Today, I have been sorting and discarding. It is 4 months since Dad died, and two since we cleared the last box out of his bungalow. Since then, the boxes and bags containing the remains of his life have been sitting in our hall, collecting dust. A cold frosty January morning seemed an appropriate time to make a start and deal with them.
Some of the contents have gone straight into the bin – why on earth did I not throw them away months ago? Some have made me smile – photographs of long forgotten holidays with Jason the lemon labrador, the jackdaw Dad saved and reared, the Silkie chick he took in and looked after as a pet. Some have stirred painful thoughts – finding among a pile of papers my mother’s death certificate and the clinical definition of her last few months and eventual death, carcinoma of the colon.
Much of the crockery – tea sets, cake stands, mugs – is all going to the charity shop next time I go into town; I repack those things in paper and re-box them. Some pieces – Mum’s favourite Cornflower dinner service, a few decorative bowls – I will keep as they hold many happy memories of the special occasions when they were brought out of the cupboard for Christmas and birthday parties, wedding anniversaries, Sunday lunch. The Cornflower set was expensive to buy, but Mum wanted it above all things, and it was bought piece by piece until she had a substantial dinner service. Every breakage was mourned, especially when Alfred Meakin stopped making that design. The plates (in three sizes) have survived surprisingly well, the cups and saucers less so. The gravy boat has been very useful, as we are partial to homemade onion gravy and we use the plates for our toast in the mornings, so I suppose the service has now been demoted to everyday crockery. But that’s OK, I believe that things are made to be used not left out of sight and mind.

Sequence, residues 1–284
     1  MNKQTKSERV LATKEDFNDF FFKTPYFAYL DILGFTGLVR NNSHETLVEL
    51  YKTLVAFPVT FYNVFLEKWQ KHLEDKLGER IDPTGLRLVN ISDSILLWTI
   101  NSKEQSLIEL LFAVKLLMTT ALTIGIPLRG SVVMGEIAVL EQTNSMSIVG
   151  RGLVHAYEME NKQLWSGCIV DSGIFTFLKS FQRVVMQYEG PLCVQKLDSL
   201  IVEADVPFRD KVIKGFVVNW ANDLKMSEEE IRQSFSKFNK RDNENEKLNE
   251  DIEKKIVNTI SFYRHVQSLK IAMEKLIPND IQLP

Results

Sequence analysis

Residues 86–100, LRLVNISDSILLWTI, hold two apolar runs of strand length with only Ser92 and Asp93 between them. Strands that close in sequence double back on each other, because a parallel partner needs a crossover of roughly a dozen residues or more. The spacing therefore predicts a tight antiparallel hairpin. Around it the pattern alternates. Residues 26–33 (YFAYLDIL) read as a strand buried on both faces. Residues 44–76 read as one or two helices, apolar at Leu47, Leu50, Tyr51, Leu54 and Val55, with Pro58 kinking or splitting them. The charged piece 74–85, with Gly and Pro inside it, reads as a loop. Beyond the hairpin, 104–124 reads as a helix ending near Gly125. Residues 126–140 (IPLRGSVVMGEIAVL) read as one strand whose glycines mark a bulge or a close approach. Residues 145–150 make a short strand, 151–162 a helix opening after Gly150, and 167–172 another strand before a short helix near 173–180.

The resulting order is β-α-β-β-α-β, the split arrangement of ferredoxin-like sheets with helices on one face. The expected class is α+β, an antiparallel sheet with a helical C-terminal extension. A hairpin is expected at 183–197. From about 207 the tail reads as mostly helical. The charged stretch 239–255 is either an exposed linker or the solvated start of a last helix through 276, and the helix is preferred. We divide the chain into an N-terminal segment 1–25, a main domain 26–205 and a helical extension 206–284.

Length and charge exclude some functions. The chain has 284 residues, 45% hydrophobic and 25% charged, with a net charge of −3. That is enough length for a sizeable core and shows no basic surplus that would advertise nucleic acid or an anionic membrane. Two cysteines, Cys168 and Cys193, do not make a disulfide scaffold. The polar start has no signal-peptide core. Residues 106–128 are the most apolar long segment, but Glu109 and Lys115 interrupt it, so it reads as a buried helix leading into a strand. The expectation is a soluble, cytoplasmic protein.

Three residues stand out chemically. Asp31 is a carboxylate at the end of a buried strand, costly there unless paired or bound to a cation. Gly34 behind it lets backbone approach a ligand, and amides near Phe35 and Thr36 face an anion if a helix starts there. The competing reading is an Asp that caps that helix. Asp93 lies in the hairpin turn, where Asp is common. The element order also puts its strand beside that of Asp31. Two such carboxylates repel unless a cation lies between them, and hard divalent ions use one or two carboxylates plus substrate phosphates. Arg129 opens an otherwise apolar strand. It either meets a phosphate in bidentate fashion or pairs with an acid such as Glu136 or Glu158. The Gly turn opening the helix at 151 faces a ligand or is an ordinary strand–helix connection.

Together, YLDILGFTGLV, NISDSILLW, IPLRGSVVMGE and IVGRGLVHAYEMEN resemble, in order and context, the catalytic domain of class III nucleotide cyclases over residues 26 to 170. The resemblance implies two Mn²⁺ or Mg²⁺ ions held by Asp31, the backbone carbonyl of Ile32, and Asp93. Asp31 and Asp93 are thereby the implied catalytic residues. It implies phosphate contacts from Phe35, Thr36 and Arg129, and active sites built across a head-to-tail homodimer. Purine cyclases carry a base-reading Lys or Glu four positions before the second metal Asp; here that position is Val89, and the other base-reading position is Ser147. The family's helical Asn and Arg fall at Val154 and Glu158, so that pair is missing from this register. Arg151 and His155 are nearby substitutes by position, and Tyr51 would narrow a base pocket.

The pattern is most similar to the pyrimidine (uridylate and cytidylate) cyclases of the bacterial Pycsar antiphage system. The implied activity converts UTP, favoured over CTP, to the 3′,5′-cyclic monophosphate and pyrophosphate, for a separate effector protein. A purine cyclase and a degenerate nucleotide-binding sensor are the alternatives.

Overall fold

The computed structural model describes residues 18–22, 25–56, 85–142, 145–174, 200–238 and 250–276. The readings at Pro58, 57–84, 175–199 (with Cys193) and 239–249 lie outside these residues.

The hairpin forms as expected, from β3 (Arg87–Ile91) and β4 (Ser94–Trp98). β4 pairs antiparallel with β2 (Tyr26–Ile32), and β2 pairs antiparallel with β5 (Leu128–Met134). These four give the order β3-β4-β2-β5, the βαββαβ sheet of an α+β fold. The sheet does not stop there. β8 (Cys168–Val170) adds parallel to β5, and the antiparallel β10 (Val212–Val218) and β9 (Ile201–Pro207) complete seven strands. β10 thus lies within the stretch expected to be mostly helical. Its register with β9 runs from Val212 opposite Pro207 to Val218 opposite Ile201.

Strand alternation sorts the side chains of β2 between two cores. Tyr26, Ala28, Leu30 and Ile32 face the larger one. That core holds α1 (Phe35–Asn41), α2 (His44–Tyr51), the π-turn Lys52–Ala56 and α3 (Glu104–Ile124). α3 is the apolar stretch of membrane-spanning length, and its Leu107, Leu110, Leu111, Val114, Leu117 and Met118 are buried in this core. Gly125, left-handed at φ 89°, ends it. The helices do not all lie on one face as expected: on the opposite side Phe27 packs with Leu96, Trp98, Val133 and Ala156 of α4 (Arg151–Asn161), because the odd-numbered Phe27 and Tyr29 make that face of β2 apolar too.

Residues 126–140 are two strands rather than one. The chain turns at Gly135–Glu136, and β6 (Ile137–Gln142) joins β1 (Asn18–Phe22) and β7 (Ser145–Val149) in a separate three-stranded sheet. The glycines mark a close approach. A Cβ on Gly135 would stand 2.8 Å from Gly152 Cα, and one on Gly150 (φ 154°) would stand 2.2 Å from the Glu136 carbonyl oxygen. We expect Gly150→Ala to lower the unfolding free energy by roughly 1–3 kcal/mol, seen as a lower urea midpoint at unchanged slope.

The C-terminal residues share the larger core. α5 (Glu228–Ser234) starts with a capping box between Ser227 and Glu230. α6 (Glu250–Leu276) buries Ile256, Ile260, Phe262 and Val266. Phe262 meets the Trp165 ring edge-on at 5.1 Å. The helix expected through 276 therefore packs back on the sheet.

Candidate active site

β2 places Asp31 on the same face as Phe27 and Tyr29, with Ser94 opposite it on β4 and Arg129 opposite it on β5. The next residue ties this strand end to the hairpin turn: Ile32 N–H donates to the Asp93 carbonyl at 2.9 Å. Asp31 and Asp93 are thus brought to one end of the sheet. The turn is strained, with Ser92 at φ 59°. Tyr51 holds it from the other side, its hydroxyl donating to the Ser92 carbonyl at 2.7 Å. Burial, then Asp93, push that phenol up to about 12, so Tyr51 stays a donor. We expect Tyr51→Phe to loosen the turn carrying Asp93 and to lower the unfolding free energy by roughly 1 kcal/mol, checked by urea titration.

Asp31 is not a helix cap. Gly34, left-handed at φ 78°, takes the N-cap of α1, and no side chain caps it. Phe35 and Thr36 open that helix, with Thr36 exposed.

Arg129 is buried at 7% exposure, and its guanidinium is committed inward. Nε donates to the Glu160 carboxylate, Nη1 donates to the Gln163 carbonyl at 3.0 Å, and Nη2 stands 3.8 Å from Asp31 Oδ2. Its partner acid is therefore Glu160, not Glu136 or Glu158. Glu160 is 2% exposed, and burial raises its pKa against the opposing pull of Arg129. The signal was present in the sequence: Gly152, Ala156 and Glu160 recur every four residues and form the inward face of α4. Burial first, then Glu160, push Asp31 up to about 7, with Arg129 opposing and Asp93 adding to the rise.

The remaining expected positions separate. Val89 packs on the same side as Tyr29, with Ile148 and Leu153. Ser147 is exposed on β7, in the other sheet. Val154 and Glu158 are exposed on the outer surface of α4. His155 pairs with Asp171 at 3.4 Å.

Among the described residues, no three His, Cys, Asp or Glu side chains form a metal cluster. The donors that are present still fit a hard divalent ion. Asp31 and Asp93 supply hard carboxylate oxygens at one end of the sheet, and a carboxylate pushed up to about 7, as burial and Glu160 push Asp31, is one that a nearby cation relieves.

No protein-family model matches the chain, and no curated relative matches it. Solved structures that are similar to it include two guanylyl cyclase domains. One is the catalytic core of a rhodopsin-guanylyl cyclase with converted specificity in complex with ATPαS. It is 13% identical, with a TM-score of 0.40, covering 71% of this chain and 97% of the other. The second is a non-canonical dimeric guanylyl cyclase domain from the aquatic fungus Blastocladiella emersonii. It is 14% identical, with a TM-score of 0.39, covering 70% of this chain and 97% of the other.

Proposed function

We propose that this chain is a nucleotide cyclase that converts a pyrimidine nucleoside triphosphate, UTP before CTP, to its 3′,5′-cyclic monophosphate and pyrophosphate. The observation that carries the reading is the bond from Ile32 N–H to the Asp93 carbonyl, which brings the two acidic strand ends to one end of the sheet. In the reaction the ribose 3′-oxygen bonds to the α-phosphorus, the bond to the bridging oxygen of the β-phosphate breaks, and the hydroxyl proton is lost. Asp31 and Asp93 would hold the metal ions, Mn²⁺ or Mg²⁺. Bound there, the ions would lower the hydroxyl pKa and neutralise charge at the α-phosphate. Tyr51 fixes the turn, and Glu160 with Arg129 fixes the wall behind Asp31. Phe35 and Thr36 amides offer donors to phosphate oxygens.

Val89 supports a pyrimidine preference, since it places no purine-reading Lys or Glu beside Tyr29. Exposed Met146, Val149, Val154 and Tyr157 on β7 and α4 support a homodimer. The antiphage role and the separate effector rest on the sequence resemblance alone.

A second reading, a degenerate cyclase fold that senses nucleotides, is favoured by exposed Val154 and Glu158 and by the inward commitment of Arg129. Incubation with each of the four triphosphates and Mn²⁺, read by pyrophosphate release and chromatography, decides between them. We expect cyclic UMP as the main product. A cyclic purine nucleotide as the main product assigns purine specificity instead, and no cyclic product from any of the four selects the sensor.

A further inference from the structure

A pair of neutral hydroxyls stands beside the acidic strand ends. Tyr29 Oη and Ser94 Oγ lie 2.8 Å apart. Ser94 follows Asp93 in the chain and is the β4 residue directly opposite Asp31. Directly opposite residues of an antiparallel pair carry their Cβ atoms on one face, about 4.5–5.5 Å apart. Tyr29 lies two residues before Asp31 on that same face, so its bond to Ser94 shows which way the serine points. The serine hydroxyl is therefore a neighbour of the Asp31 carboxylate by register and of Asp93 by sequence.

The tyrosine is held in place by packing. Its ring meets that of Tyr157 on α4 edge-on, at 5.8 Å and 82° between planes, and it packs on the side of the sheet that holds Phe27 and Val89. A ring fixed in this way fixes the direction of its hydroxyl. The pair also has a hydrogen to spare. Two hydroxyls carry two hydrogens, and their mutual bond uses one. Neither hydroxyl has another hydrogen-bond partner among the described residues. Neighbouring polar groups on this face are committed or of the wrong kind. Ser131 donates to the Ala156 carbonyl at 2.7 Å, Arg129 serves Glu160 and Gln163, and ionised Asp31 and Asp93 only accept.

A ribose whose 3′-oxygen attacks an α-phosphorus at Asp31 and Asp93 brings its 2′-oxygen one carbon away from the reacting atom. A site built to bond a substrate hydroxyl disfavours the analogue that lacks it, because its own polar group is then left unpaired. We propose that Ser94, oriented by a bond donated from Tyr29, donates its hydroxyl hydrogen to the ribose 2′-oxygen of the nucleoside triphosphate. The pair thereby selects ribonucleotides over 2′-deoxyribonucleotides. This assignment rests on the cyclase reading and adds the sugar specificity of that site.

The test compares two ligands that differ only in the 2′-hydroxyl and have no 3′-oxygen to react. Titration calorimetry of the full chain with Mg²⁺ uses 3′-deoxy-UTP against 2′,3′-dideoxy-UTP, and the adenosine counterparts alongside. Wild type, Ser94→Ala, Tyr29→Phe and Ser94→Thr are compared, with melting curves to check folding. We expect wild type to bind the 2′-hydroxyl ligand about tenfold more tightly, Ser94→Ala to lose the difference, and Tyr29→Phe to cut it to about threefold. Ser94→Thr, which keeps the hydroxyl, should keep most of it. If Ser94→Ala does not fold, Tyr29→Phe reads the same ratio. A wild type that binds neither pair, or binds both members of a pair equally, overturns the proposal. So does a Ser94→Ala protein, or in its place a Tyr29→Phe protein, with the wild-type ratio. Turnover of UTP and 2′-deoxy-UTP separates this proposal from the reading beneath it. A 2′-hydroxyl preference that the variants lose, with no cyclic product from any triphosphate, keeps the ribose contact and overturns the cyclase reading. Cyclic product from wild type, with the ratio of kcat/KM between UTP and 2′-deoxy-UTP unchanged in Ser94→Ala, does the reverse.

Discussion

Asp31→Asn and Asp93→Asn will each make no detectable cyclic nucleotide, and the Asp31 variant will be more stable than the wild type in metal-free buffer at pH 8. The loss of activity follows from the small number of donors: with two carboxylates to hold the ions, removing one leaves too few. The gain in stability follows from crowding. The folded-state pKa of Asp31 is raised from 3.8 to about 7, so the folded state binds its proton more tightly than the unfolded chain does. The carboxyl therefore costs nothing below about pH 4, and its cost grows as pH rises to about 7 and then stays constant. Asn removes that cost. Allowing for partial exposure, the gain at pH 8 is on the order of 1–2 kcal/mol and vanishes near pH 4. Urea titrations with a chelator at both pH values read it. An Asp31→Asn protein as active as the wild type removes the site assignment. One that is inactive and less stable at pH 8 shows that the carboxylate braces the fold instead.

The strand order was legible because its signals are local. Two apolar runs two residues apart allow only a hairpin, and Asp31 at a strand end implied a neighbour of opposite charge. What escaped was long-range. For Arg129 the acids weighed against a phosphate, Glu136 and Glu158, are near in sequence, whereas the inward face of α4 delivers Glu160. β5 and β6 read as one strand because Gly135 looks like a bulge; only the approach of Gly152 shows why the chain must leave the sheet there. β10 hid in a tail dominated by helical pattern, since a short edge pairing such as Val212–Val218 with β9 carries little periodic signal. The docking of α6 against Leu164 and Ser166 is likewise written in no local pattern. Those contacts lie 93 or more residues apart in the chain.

The most moving discovery has been a cardboard Callard and Bowser chocolate and candy box from the 1940s. It contained every card – birthday, christmas, anniversary, baby arrival – my Mum had received plus quite a lot of the ones she had sent both to Dad and to me when I was a child. Everything from her 21st birthday in 1949, right up to the early 1990s. The box is full and so I cannot add my own considerable collection of cards from (and to) loved ones.
One day, our hall will be empty again, and we shall be able to get out our front door without tripping over another box. The memories will all be tucked away in cupboards and drawers, and we can move on with our lives. But not just yet.